About 401(k) Employer Contributions

Those matching contributions add up fast.
Image Credit: ohmygouche/iStock/Getty Images

Employer matching contributions are one of the best things about 401(k) plans. When your employer adds a percentage of your own salary deferrals to your account, the account grows faster, especially if the funds are put into high-quality investments. Companies aren't required to match your contributions to your 401(k); it's entirely voluntary. If you work for a company that does match, it usually makes sense to max out your own contributions. Otherwise, you're effectively missing out on free money.


Matching Formula

Companies usually use a formula to determine the amount of their contributions to your account, rather than matching dollar for dollar. For example, the employer may match 50 percent of your contributions up to a limit of 6 percent of your salary. That works out to be a maximum of 3 percent of your salary in a year. If you contribute less than 6 percent of your salary yourself, it will be less; if you contribute more than 6 percent, the company match will still be 3 percent.


Video of the Day


The Internal Revenue Service limits the amount of tax-deferred contributions you can make to a 401(k) in a year. As of publication, the limit is $17,500, plus $5,500 in catch-up contributions for people ages 50 and over. In addition, employers sometimes set limits on how much of your salary you can defer; the amount is up to the employer. Depending on how generous your employer is, the company match can really add up. If you're 35, for example, and you work for a company that matches your contributions by 50 percent with no company-imposed limits, contribute the maximum $17,500 and your employer will kick in another $8,750. As of publication, the IRS limits combined employer and employee contributions to $52,000, and there may be additional limits if you're considered a highly compensated employee.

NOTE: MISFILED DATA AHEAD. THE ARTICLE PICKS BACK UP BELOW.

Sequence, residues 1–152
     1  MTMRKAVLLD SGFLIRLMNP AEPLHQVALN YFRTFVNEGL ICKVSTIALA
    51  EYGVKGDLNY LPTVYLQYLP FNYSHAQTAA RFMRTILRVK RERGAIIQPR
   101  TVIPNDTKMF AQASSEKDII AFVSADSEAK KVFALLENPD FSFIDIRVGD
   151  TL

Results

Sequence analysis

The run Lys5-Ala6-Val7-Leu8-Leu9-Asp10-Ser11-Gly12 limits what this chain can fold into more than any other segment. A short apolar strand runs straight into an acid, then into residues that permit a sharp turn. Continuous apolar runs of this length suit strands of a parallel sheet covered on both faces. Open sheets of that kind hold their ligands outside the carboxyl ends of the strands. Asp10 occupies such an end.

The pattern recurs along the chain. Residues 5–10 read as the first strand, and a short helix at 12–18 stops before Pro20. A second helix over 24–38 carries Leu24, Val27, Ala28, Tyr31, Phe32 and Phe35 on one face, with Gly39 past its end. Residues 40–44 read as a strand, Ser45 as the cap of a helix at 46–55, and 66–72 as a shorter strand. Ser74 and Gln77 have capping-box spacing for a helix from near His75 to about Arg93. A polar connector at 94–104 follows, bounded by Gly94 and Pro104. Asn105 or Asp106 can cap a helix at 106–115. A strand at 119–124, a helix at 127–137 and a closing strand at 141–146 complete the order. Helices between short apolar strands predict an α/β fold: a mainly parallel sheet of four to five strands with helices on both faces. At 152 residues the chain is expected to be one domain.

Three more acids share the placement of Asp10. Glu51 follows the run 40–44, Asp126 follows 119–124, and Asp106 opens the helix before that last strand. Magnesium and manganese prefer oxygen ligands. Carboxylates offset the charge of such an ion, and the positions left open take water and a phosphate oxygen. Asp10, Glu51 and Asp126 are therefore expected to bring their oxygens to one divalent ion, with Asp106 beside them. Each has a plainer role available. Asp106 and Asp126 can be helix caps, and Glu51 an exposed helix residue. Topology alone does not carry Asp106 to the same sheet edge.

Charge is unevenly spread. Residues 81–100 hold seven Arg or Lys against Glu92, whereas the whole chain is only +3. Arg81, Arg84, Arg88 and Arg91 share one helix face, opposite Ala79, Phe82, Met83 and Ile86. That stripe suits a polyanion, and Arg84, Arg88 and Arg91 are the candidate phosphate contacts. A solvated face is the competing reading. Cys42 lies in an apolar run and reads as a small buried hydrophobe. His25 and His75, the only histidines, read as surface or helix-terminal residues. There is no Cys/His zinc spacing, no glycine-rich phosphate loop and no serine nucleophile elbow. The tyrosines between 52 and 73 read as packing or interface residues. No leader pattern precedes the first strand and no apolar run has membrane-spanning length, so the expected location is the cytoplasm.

Vesting is a process that entitles you to ownership of the funds in your account over time. You're always 100 percent vested in whatever you've put into your account yourself, but employer contributions may be on a schedule determined by how long you've worked for the company. For example, you may become vested in 25 percent of matching contributions after one year, 50 percent after two years, 75 percent after three years and 100 percent after four years. That means that if you leave the company after three years, you'll take with you only three-quarters of the matching funds.



To increase participation in their 401(k) plans, companies often enroll employees automatically, with levels of contributions and investment funds chosen by the employer. To make the most of your 401(k) employer match, do the math and make your choices yourself.